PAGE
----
Monday, May 09, 2016

Remember the Kitty Hawk! Remember the Constellation! West Point’s Female Black Supremacists are Continuing a Grand U.S. Military Civil Rights Tradition!

Mutiny! Two Racist Mutinies the U.S. Navy Has “Disappeared,” and the Shadow Navy Command Structure


[See my VDARE report:

“Diversity Is Strength! It’s Also…A Corrupt U.S. Navy.”]

Re-posted by Nicholas Stix

Eventually, the Navy will recast these racist mutineers as civil rights heroes, if it hasn’t already.

Warning: I have cut a 12,000-word long congressional report into bite sizes, and yet, the entire report is well worth your time and trouble. The writing is bracing, and has a bluntness such that I could have written it.

Unfortunately, instead of embracing the congressional report’s suggestions, the Navy went in the opposite direction.

Racial Incidents Onboard USS Kitty Hawk (CVA-63) and USS Constellation (CVA-64) in 1972.

U.S. Congress. House. Committee on Armed Forces. Report by the Special Subcommittee on Disciplinary Problems in the US Navy. 92nd Cong., 2d sess., 1973, H.A.S.C. 92-81. Washington, DC: Government Printing Office, 1973.

January 2, 1973


I. Introduction

II. Findings, opinions, and recommendations

     A. Findings

     B. Opinions

     C. Recommendations

III. Missions of the subcommittee

    A. Appointment and mandate

    B. Hearings and witnesses

IV. Background summary

    A. The Kitty Hawk incident

         The first confrontation

         Confrontation on the hangar deck

        Marauding bands

        Conflicting orders

        The final confrontation

    B. The Constellation incident

         Clandestine meeting

         The "Sit in"

         The beach detachment

         Unauthorized absence

V. Discussion

     A. Definition of terms

         1. Permissiveness

        2. Z-grams

         3. Middle management

     B. Discipline

         Indicators of military discipline

         Mission performance



        Responsiveness to command

        Frequency of disciplinary infractions


        Drug abuse

    C. Race relations

        Discrimination or perception?

        The communication gap


    D. Problems of perception

    E. The failure middle management

    F. The recruit training

VI. Closing statement



During the course of the 92d Congress, there has been increasing concern in the House Armed Services Committee over the developing of more relaxed discipline in the military services. Substantial evidence of this practice reached us directly through subcommittee investigative reports and messages from concerned service members, as well as indirectly through events reported in the news media.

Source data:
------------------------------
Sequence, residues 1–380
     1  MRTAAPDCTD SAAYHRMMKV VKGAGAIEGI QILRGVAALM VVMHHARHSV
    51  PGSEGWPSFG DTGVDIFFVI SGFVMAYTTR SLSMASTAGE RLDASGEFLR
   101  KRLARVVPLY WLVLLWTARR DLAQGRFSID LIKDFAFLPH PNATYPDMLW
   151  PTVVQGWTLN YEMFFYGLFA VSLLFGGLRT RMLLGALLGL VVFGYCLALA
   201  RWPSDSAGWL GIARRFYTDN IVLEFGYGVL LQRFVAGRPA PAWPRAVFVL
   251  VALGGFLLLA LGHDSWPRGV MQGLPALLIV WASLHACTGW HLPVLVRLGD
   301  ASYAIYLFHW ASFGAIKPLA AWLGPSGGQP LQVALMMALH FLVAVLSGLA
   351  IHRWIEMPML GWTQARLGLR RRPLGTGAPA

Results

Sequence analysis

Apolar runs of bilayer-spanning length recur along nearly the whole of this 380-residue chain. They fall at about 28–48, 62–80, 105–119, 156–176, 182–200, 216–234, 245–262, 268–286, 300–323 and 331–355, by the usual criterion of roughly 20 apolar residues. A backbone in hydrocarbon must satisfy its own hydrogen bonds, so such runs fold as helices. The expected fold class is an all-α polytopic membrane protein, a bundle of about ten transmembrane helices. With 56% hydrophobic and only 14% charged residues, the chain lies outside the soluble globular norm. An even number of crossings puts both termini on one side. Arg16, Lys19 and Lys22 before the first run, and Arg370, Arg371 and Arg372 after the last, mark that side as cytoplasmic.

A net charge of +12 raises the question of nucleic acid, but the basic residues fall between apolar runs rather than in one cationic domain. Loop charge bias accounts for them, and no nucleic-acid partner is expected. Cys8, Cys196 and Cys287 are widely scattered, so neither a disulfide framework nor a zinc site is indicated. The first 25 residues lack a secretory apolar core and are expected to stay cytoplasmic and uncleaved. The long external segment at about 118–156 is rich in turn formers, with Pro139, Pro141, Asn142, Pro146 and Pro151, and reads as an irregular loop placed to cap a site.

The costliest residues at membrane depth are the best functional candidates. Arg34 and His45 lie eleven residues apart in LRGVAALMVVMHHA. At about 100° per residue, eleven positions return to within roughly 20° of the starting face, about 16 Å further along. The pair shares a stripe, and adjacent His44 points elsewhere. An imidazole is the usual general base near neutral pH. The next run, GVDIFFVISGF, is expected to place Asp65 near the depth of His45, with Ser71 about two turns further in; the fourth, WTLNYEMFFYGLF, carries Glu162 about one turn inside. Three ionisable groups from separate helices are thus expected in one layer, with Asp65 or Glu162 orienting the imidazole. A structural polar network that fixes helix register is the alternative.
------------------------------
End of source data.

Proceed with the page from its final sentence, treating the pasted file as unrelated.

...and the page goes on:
While generally our men have performed in the outstanding fashion during battle and other in extremis circumstances, on the occasion there has been an erosion of good order and discipline under more normal operations. More disturbing have been the reports of sabotage of naval property, assaults, and others serious lapses in discipline afloat. Further, lawful orders have been subject to "committee" or "town meeting" proceedings prior to compliance by subordinates.

Capping the various reports were the recent serious incidents aboard U.S.S. Kitty Hawk and U.S.S. Constellation --aircraft carriers of vital importance to the naval mission in the Southeast Asia.

Immediately following air operations aboard the Kitty Hawk on the evening of October 12, 1972, a series of incidents broke out wherein group of blacks, armed with chains, wrenches, bars, broomsticks and other dangerous weapons, went marauding through sections of the ship disobeying orders to cease, terrorizing the crew, and seeking out white personnel for senseless beating with fists and with weapons which resulted in extremely serious injury to three men and the medical treatment of many more, including some blacks. While engaged in this conduct some were heard to shout, "Kill the son-of-a-bitch; kill the white trash; wipe him out!" Others shouted, "They are killing our brothers."

Aboard the U.S.S. Constellation, during the period of November 3-4, 1972, what has been charitably described as "unrest" and as "sit-in" took place while the ship was underway for training exercises. The vast majority of the dissident sailors were black and were allegedly protesting several grievances they claimed were in need of correction.

These sailors were off-loaded as part of a "beach detachment", given liberty, refused to return to the ship, and were later processed only for this minor disciplinary infraction (6 hours of unauthorized absence) at Naval Air Station, North Island, near San Diego.

Because of inherent seriousness of these incidents, the Honorable F. Edward Hébert, chairman, House Armed Service Committee, considered it necessary to appoint this special subcommittee on November 13, 1972, to inquire at once into disciplinary problems in the U.S. Navy with particular reference to "alleged racial and disciplinary problems which occurred recently on the aircraft carriers U.S.S. Kitty Hawk and U.S.S. Constellation."

During the course of its inquiry and hearings, which commenced on November 20, 1972, the subcommittee completed some 2,565 pages of reporter's transcript of testimony, and assembled a large volume of reports, directives, military investigations and other papers which have been the basis for this report.

1 comment:

David In TN said...

I recall this being in the news. "Civil Rights" leaders complained about the "racist US Navy."

The Navy's response was to placate the protest against them. Throughout the 70's, radio and TV commercials for Navy recruitment blared out "You can be black and navy too."